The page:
“Senior men and women have no monopoly on great ideas. Nor do creative people. Some of the best ideas come from account executives, researchers, and others. Encourage this; you need all the ideas you can get.”

But although Ogilvy believed in respecting his staff and smothering them with encouragement and kindness, he was no pushover. In fact, he drove his staff to work ferociously hard:

“I believe in the Scottish proverb: Hard work never killed a man. Men die of boredom, psychological conflict and disease. They do not die of hard work. The harder your people work, the happier and healthier they will be.”

Ogilvy was a big believer in the power of humor:

“Kill grimness with laughter. Maintain an atmosphere of informality. Encourage exuberance. Get rid of sad dogs who spread gloom.”

In a section on nurturing up-and-coming creative talent, he offered sage advise for his creative directors:

“The management of manpower resources is one of the most important duties of our office heads. It is particularly important for them to spot people of unusual promise early in their careers, and to move them up the ladder as fast as they can handle increased responsibility.

There are five characteristics which suggest to me that a person has the potential for rapid promotion:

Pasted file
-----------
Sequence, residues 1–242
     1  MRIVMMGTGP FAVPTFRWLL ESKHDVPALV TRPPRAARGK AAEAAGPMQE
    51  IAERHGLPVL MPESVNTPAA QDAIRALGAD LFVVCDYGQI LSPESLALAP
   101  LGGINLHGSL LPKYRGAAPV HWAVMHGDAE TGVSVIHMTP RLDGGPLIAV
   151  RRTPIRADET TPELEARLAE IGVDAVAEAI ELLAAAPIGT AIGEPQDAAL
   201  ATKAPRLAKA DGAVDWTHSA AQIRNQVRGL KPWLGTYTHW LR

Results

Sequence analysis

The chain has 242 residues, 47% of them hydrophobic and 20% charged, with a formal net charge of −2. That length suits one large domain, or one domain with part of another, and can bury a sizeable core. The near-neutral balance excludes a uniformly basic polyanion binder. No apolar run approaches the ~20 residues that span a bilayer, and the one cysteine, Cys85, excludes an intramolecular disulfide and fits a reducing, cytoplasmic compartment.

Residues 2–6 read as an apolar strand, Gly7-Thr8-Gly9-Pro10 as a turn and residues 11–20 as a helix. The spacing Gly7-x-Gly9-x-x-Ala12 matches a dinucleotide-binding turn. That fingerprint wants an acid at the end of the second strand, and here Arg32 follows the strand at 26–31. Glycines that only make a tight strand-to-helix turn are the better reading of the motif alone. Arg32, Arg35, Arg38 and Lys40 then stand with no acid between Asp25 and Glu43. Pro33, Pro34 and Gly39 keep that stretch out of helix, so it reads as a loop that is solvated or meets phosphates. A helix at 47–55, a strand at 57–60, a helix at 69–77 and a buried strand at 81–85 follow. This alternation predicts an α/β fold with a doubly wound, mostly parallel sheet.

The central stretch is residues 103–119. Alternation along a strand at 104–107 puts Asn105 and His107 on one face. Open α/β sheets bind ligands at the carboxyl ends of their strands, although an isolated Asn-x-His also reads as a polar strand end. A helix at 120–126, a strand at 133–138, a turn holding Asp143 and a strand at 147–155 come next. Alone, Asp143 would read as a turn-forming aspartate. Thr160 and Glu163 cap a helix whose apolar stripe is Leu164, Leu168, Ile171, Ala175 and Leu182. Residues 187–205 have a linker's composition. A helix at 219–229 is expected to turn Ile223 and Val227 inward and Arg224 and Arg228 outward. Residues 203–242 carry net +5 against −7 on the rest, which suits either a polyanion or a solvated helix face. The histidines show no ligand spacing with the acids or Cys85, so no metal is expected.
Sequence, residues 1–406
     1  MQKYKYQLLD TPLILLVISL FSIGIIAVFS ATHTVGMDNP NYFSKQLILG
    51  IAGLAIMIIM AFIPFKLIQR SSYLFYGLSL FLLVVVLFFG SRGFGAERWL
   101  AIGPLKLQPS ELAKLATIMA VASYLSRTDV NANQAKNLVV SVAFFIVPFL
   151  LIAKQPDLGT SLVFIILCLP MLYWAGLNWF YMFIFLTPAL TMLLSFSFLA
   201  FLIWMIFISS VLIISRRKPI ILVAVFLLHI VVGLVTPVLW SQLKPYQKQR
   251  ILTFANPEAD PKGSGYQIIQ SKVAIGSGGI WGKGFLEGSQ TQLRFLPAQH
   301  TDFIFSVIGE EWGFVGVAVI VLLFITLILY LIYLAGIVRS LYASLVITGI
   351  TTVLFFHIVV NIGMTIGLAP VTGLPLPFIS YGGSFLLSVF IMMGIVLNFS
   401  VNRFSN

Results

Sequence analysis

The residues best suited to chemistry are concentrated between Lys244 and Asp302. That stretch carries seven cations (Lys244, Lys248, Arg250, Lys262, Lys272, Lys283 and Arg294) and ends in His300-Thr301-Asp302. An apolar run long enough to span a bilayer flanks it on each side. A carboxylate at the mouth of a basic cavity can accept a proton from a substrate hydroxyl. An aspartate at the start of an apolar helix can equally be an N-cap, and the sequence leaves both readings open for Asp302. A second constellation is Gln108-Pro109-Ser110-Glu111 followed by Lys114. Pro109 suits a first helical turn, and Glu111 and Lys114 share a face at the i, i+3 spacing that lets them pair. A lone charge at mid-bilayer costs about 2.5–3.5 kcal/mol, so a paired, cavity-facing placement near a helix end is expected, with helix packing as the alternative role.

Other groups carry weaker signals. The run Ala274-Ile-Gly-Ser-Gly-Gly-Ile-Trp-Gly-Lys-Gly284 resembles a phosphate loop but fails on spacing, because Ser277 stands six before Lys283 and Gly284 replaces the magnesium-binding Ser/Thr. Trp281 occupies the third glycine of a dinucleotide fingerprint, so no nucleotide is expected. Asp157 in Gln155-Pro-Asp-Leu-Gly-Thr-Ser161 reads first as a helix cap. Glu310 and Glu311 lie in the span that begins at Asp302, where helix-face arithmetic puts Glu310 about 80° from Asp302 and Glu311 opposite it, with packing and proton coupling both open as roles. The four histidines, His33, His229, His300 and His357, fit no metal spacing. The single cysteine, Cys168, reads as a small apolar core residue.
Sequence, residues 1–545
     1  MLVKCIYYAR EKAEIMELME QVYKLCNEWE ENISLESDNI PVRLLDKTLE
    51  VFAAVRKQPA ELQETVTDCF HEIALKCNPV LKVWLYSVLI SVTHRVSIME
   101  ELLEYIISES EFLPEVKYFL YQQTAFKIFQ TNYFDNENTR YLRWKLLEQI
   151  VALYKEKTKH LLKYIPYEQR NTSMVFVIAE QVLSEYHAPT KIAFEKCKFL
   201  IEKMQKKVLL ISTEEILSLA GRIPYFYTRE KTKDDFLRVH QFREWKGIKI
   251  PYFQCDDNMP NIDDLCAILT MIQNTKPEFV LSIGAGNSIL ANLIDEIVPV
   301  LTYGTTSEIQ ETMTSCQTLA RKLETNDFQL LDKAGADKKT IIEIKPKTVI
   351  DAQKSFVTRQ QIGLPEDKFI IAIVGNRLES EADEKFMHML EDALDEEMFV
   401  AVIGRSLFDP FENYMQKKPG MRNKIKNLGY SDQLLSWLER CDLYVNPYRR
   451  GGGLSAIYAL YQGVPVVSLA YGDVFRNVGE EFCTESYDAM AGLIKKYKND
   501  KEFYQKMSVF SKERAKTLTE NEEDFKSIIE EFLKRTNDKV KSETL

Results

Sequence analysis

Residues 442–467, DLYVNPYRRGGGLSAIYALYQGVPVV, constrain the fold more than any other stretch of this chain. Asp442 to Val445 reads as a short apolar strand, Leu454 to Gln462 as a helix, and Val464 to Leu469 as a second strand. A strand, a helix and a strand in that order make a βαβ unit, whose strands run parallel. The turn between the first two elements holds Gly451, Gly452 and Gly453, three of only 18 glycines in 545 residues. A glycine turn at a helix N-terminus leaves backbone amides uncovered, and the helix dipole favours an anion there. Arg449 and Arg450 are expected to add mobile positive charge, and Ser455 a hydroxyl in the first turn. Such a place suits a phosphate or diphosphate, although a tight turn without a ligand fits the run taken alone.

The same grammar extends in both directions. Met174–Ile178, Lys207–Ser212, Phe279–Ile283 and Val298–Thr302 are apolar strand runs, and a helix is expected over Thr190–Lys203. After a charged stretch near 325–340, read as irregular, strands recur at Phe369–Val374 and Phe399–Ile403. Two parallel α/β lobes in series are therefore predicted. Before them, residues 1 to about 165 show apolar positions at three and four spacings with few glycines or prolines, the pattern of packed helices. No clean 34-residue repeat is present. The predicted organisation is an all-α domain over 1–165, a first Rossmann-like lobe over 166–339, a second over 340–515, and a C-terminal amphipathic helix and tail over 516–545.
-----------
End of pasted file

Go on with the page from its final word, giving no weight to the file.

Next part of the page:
1. He is ambitious.
  2. He works harder than his peers — and enjoys it.
  3. He has a brilliant brain — inventive and unorthodox.
  4. He has an engaging personality.
  5. He demonstrates respect for the creative function.

If you fail to recognize, promote and reward young people of exceptional promise, they will leave you; the loss of an exceptional man can be as damaging as the loss of an account.”

Ogilvy had a lot to say about creativity. His philosophy still influences the industry today:

“In the modern world of business, it is useless to be a creative, original thinker unless you can also sell what you create.”

“Cleverness doesn’t sell products and services. Original thinking in marketing is great, but not just for the sake of being witty or clever. If you aren’t thinking about connecting with your audience, building trust and selling your products or services when you sit down to write marketing copy, you need to reexamine your motivations.”

“Don’t just create content to get credit for being clever — create content that will be helpful, insightful, or interesting for your target audience.”

He had an innate understanding of the difficulty of the creative process, and he encouraged his creative teams to live expansive, open-minded lives:

“Big ideas come from the unconscious. This is true in art, in science, and in advertising. But your unconscious has to be well informed, or your idea will be irrelevant. Stuff your conscious mind with information, then unhook your rational thought process. You can help this process by going for a long walk, or taking a hot bath, or drinking half a pint of claret. Suddenly, if the telephone line from your unconscious is open, a big idea wells up within you.”

And finally, this. One of our favorite Ogilvy quotes; as much a philosophy about life as it is about business. It’s an approach we strive for here at First Entertainment, and we believe our efforts to live up to this lofty goal are a major reason we’ve been able to truly set ourselves apart from the other millions of financial institutions out there. So simple, yet incredibly powerful when practiced religiously:

“Don’t bunt. Aim out of the ballpark. Aim for the company of immortals.”